Low- and Zero-VOC Coatings

By Kerry Pianoforte | May 14, 2007

Paint and coatings companies must continue to address VOC content in order to remain competitive.

Although the increasing demand for low- and zero-VOC coatings is primarily driven by widespread environmental regulations, growing consumer awareness by DIYers and the green building movement are also contributing to its growth.

"There are four main integrated market drivers for low and zero-VOC paint," said James Bogdan, manager of sustainable design and green building initiatives for PPG's construction market team. "The established USGBC (U.S. Green Building Council) and its LEED (Leadership in Energy and Environmental Design) rating system has provided a standard to provide a higher quality indoor air environment for building occupants. With the acceptance of LEED, low- and zero-VOC products are being specified by the architects and interior designers.

"There are federal, state and local regulations that have required manufacturers to minimize the VOC content in their paint; regulations such as SCAQMD (South Coast Air Quality Management District), OTC and the National AIM," Bogdan continued. "With the promulgation of these regulations, paint and coating manufacturers have had to address VOC content to maintain competitiveness."

In addition, Bogdan cited technological advances in waterborne coatings and growing consumer awareness as key drivers. "Waterborne has taken the place of alkyd without jeopardizing performance," he said. "Consumers are becoming more astute with their purchasing power and deciding on products that have less or no environmental impact."

The Clean Air Act provided the impetus that has led to toady's current regulatory environment, according to Tim O'Reilly, business manager for primers and clear finishes, Zinsser. "All government facilities are buying low-VOC coatings and major corporations have also taken up the charge. Fortunately technology seems to be stepping up to the challenge."

The push towards low- and zero-VOC paint and coatings products is coming from regulators who want to get a handle on overall air pollution, according to Angela Cunningham, category manager for mold and mildew prevention products, Zinsser. "Additional pressure is coming from the green building movement, which is not as strong as the pressures of the Clean Air Act, but also has an impact."

Consumers "Go Green"

As a result of increasingly strict environmental legislation, the average consumer, who previously may not have been aware of low- and zero-VOC coatings, are becoming more aware of these environmentally-friendlier options.

"For the past two decades growth was driven by architects, designers and healthcare facilities," said Jeffrey Spillane, senior manager professional products, Benjamin Moore. "Consumers are now looking for alternatives to typical coatings."

In addition, in the commercial painting market things such as LEED and Green Build, both in the public and private sector are driving the need for zero- and low-VOC coatings. "All three of these factors are working together," said Tom Dougherty, director of brand marketing for PPG dealer and store brands. "No matter where you look, whether in the general public, private sector or government, you see initiatives that are either directly or indirectly affecting the need for zero- and low-VOC products."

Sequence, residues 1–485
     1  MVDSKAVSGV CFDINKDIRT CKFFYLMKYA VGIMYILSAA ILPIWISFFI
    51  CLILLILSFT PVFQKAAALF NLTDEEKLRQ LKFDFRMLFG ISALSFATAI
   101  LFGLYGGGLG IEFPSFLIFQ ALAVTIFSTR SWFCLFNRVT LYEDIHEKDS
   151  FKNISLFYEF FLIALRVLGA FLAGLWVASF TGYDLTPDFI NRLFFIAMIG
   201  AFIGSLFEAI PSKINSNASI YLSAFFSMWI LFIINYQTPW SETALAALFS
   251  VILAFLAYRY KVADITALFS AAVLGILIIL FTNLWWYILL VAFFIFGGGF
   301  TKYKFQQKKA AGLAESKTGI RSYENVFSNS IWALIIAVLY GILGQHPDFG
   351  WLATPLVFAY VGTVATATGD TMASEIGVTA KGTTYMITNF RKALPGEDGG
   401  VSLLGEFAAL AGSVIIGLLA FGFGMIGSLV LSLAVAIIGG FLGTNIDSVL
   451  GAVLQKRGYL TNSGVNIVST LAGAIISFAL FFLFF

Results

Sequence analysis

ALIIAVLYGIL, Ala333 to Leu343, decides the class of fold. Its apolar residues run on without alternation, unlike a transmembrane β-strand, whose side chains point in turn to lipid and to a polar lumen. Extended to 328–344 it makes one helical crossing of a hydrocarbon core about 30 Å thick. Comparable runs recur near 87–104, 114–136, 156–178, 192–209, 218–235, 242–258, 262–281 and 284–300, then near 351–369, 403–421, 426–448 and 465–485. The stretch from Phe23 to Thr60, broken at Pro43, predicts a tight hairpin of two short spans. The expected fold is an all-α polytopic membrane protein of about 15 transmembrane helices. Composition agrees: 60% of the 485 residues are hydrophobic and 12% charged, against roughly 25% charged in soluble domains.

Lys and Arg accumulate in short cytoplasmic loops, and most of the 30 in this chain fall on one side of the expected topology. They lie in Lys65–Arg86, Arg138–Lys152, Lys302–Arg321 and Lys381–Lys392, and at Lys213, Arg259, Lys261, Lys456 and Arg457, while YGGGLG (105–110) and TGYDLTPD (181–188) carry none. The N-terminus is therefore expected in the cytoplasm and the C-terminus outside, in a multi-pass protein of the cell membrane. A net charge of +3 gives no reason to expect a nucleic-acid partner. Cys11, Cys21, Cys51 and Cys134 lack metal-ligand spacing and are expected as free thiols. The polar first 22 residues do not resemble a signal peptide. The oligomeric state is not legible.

"Consumers are increasingly label conscious and tech savvy thanks to product launches like the compact fluorescent bulb," said Barbara Hershfelt, senior brand manager, Masterchem. "These types of bulbs have helped everyday consumers understand how simple, inexpensive changes in the home can impact the environment. These trends will continue for some time as the country's interest in global warming and ecological sustainability continues to grow."

Impact of Green Building

While all the companies Coatings World spoke with agreed that environmental legislation was the number one factor driving growth in the low- and zero-VOC coatings sector, the jury is still out on whether the green building movement has had as much of an impact and will continue to gain momentum.

"The green building movement will continue to build steam, although it does have a cap," said O'Reilly. "Cost pressures will minimize how popular it will be. Green products cost more and for a builder it ultimately becomes a cost issue. Builders are faced with competition to keep costs low.

"Green building is a 'feel good' movement," continued O'Reilly. "It's not driving growth and still represents a low percentage of the market."

However, according to Hershfelt, green building is not a fad. "Most of the world's largest retailers have made a commitment to offer environmentally responsible products and sustainable lifestyles," she said. "This dynamic change in approach is here to stay."

There are many statistics and projections of growth for building green that have been provided by McGraw-Hill Construction and the USGBC, and according to Bogdan, the trend will continue. "More construction projects are utilizing green features, and I dare to say in 10-20 years, green or sustainable construction principles could become building code," he said. "The benefits for building green are too great to ignore, or not incorporate into construction projects.